For his wife remaining in Flemish Brabant, there then begins a long period of waiting, filled with doubts and despair. But life goes on as well. As such, Emerence takes care of Fernand, of the household, looking for food and obtaining aid. Little Fernand certainly has to go to school, if it hasn't been closed or requisitioned. Undoubtedly, she receives support from her family and the assistance provided to the wives of soldiers by the different charities.

On 3 March 1915, Robert and his comrades in misfortune learn that they must gather their meagre effects and prepare to leave – the Walloons on one side, the Flemish on the other – that next day. Some hope that they will finally be liberated. Their hopes will be disappointed: this is just a transfer to the Lugumkloster labour camp near Denmark, some three hours by train from Parchim.

To reach it, the prisoners must reboard the train under appalling meteorological conditions, and with their only sustenance being a bit of kohlrabi and a soup spoon of rice per person. In this new camp, Robert continues to write. It's his way of holding out. In his diaries, he records important information about the life of the camp, describes its organisation into sections of some 50 prisoners, the various nationalities present (British, French…), the assigned tasks…

He describes his environment, and also draws: the barracks, the surrounding landscape. He does so in order to remember, but also for proof of what he has seen, as had been suggested during his military instruction. In this camp as well, the lack of food and care carry off a number of his comrades. He describes the burial of his friend Sauwens, praising his memory and devotion, and promising once again to tell his widow and children about his bravery.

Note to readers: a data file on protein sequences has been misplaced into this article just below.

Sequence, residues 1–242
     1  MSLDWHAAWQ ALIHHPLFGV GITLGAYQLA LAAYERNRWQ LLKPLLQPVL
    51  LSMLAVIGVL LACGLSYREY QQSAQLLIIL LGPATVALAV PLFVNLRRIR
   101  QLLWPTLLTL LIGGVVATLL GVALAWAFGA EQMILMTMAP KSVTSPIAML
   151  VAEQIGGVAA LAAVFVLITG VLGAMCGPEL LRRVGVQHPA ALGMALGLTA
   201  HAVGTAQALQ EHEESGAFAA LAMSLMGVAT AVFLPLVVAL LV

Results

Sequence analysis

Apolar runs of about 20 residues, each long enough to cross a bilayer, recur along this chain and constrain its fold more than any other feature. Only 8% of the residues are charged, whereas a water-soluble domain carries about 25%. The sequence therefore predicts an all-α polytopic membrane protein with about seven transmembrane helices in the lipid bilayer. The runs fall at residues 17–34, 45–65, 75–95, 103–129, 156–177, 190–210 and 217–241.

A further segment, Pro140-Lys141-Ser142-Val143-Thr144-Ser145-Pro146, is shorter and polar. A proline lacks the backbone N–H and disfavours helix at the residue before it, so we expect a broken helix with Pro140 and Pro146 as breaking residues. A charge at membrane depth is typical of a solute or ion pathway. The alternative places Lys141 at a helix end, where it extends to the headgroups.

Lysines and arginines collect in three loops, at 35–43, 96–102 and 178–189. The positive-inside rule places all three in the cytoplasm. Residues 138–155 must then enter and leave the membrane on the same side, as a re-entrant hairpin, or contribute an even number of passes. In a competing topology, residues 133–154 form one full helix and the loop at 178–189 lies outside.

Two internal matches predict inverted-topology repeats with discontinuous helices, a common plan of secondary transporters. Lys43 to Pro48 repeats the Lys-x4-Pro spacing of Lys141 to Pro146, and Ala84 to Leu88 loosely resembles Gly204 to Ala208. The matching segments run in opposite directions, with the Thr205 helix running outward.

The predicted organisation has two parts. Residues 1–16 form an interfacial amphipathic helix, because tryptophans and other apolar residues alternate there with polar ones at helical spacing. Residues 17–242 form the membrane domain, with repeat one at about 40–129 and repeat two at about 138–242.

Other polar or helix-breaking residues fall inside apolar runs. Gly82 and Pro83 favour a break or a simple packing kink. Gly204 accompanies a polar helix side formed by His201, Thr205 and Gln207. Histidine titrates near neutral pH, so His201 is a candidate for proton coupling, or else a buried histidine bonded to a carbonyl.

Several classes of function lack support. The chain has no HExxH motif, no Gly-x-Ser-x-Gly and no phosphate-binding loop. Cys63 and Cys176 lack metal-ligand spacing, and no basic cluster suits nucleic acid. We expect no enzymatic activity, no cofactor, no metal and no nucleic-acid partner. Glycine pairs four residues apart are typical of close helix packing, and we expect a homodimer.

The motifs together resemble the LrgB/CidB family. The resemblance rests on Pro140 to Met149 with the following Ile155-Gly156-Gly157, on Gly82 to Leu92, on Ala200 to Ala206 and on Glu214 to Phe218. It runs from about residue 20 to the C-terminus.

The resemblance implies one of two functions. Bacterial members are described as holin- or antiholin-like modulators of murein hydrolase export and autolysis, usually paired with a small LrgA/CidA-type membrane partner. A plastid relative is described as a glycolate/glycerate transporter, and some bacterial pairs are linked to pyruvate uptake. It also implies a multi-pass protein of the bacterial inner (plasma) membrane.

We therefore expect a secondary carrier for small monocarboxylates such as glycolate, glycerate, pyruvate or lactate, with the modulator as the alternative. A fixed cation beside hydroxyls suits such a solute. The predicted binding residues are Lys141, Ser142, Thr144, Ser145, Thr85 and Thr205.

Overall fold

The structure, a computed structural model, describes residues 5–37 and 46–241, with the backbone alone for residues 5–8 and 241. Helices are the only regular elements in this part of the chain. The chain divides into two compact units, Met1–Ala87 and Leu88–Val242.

Robert writes to Emerence. The correspondence is irregular and monitored, but it's the only way available to him to let his wife know that he's still alive, and thinking of her and their son. He also sends her drawings, dated April 1918. The censor fails to notice that the messages are encoded… When inclined in a certain way, a message between the lines can be read, i.e. "souvenir 1914-1918". Danielle, Robert's granddaughter, believes that he made them during his detention, though it's also possible, according to the dedication on one of the cards, that they were the work of another prisoner, that naturally takes away nothing from the intention and meaning of the message.

During this time, in Belgium…

In Belgium, time is passing slowly. From what little Emerence said after the war – little was expected from the women who keep things to themselves – it was especially the lack of news and the waiting for Robert's return that marked her the most. We know that one moment, she was living in the Peperstraat in Willebroek. Perhaps it was already the family home in 1914? Maybe Emerence and Fernand had to move because of excessively high rent. Life isn't easy for the wife and son of soldier Descamps.